Following the departure of both Charlotte Rae as Mrs. Garrett (for The Facts of Life) and replacement Nedra Volz as Adelaide Brubaker, Mary Jo Catlett joined the cast of Diff’rent Strokes as Pearl Gallagher, the Drummond household’s final and longest-tenured housekeeper. During her three seasons on the show, Pearl saw Arnold (Gary Coleman) and Willis (Todd Bridges) through Kimberly’s (Dana Plato) move to Paris; the arrival of future Mrs. Drummond, Maggie McKinney (Mary Ann Mobley) and son Sam (Danny Cooksey); a cameo from Mr. T; and numerous “Very Special Episodes” as the show strived for ratings and relevance in the mid-1980s.

In the decades that followed, Catlett remained a fixture on stage and screen, including one of the most iconic cartoons of all time. Read on to see what the veteran actress is up to now at age 83.

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She’s logged dozens of roles in movies and on TV.

Mary Jo Catlett in 1984
Ron Galella/Ron Galella Collection via Getty Images

Early in her career, Catlett made guest appearances on TV series including The Bob Newhart Show, The Waltons, Fantasy Island, The Duke of Hazzard, and M*A*S*H. She continued her run of guest spots after Diff’rent Strokes ended, appearing in familiar ’80s hits like ALF; Murder, She Wrote; General Hospital; and Night Court.

In 1990, she was nominated for Outstanding Supporting Actress in a Drama Series for her role on General Hospital playing Mary Finnegan, the housekeeper of series lead Robert Scorpio (Tristan Rogers). One memorable storyline saw her helping her employer fake his own death.

More recently, Catlett has made guest appearances on That’s So Raven, Cold Case, Glee, Two Broke Girls, Desperate Housewives, and Modern Family. Her most recent live-action TV job was appearing in two episodes of the NBC crime drama, Good Girls.

On film, Catlett played Rosemary Ackerman in John Waters’ 1994 black comedy Serial Mom. She also had small roles in a handful of other films, including The Benchwarmers, starring Rob Schneider and David Spade, and Let’s Be Cops, with Jake Johnson and Damon Wayans, Jr.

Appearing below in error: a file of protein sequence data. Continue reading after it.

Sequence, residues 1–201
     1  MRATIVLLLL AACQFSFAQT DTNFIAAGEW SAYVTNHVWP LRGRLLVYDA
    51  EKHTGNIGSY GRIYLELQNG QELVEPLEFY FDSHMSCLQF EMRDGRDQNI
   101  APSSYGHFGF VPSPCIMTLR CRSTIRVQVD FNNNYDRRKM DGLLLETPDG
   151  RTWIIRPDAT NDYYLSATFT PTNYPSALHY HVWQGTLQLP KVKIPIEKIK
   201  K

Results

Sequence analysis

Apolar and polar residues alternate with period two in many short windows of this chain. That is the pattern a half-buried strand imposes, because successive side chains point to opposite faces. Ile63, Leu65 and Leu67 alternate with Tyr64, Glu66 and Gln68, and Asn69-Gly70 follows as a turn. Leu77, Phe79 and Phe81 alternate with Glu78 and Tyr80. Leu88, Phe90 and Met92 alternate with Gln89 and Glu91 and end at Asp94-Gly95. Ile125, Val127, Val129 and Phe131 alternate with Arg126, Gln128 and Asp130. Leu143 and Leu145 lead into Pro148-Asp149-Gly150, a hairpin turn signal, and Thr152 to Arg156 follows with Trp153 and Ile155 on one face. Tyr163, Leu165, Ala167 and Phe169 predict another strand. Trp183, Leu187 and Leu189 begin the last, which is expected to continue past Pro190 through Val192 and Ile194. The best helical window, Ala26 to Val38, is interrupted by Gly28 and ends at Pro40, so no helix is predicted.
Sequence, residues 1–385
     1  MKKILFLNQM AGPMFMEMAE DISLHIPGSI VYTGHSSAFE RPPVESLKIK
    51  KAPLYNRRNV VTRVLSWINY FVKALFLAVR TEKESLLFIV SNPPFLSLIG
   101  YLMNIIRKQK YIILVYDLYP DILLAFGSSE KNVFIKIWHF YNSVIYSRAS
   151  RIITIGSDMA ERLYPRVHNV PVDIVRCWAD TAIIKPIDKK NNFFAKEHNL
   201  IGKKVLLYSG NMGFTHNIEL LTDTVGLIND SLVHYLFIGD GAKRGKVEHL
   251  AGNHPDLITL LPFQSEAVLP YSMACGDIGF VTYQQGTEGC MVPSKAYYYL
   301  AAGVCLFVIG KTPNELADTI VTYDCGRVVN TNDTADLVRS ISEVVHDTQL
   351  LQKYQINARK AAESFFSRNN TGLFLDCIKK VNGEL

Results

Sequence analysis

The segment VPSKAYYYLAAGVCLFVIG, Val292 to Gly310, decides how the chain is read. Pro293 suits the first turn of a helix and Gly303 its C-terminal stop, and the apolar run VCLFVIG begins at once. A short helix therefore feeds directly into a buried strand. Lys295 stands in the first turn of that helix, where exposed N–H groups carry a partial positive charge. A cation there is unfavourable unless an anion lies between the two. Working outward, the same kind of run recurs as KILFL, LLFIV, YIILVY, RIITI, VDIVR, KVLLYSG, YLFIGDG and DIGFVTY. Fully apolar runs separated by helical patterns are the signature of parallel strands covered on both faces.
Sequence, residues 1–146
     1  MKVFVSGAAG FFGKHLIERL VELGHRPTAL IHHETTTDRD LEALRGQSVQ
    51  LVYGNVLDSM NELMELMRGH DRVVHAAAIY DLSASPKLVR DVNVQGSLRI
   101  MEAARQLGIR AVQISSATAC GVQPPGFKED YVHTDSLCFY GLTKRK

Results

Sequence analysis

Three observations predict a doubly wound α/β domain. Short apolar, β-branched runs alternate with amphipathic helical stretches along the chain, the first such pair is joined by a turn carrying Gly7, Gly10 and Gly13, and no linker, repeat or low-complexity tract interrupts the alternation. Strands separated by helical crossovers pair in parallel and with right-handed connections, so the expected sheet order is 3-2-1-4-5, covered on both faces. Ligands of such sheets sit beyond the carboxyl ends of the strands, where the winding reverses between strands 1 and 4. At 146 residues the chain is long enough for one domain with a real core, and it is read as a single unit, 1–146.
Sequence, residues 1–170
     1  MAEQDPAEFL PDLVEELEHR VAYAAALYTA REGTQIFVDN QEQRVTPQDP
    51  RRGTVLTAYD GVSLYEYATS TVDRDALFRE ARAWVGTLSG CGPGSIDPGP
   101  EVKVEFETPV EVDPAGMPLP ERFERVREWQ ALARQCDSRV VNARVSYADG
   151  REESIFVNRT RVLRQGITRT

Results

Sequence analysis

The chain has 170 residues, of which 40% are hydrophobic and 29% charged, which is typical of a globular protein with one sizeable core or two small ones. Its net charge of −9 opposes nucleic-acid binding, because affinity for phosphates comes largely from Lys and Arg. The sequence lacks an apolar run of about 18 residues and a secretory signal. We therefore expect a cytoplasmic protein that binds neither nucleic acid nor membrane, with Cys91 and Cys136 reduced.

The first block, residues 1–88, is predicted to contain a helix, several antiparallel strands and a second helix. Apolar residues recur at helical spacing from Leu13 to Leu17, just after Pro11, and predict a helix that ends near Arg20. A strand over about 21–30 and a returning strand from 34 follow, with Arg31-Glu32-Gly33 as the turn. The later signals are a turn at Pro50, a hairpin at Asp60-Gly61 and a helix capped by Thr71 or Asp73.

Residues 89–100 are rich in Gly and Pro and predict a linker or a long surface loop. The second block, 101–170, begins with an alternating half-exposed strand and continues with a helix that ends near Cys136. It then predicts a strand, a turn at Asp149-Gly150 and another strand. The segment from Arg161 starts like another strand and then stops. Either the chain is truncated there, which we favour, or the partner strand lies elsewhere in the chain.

She found her greatest success behind the microphone.

Mary Jo Catlett in 2007
Ryan Miller/Getty Images

Catlett’s longest-running role has involved only her voice. In the ’80s and early ’90s she voiced characters on shows including The Smurfs, Rugrats, and the Disney series Bonkers and Quack Pack. In 1998, she landed the role of Mrs. Puff in a little forthcoming Nickelodeon series titled SpongeBob SquarePants.

According to a recent interview on the SpongeBob fan podcast SpongeBob BingePants, series creator Stephen Hillenburg specifically sought Catlett out for the role after seeing her in a play—though she’s not exactly sure which one.

She’s been in the role ever since, voicing SpongeBob’s teacher across 13 seasons of the TV series, as well as in three feature films, eight video games, and, recently, two spinoff series: Kamp Koral: SpongeBob’s Under Years and The Patrick Star Show.

Catlett had no idea Mrs. Puff would end up defining her career in such a big way. Remembering the casting process on the SpongeBob BingeCast, she explained, “My agent said, ‘You know, It’s just a little interim cartoon show to fill in for another one for the summer. it’s only going to be in the summer.’ Liar! Pants on fire.”

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She returned to the stage.

Carol Channing and Mary Jo Catlett in 2009
David Livingston/Getty Images

Prior to her sitcom fame, Catlett was already a celebrated stage performer, who made her Broadway debut in the original production of Hello Dolly! in 1964 opposite Carol Channing.

After Diff’rent Strokes ended, she returned to theater, appearing in a regional revival of the musical The Pajama Game in Pasadena in 1989. Throughout the ’90s, she also appeared in Los Angeles-based productions of Lend Me a Tenor, Beauty and the Beast, and The Music Man. Most recently, in 2011, she appeared in a production of the musical The Wedding Singer, playing Rosie, grandmother to the title character. The Los Angeles Times noted of her performance, “Mary Jo Catlett invests Robbie’s hip grandmother with old-school aplomb.”

She’s put her talent to use in the fight against HIV and AIDs.

Mary Jo Catlett in 2011
David Livingston/Getty Images

Over the years, Catlett has regularly joined benefit concerts raising money for the fight against HIV and AIDS. For example, she’s made multiple appearances in the annual Help Is on the Way concert series, which supports the titular non-profit, an organization that supports children affected by the disease.

Catlett has been involved in the fight against AIDS since the early days of the epidemic. She was motivated to raise awareness after the passing of her close friend, the artist Robert Hoppe, who died of complications from AIDS in 1989.

The actor has also appeared in benefit concerts in support of the Entertainment Community Fund (formerly the Actors Fund), an organization that seeks to “provide a safety net for performing arts and entertainment professionals.”

She considers herself mostly retired.

Mary Jo Catlett in 2019
Tommaso Boddi/WireImage

Well into her seventh decade as a performer, these days, Catlett considers herself “mostly retired”—save for her voice performance on SpongeBob SquarePants.

I love my work,” she said in a 2021 interview with Richard Skipper. “I wish I could do it more, but I know that age happens.”

As part of semi-retirement, she will make an appearance in the 2023 film When the Moon Was Twice as Big, which was filmed prior to the pandemic.

Joel Cunningham
Joel Cunningham is a writer and editor who lives in Brooklyn. Read
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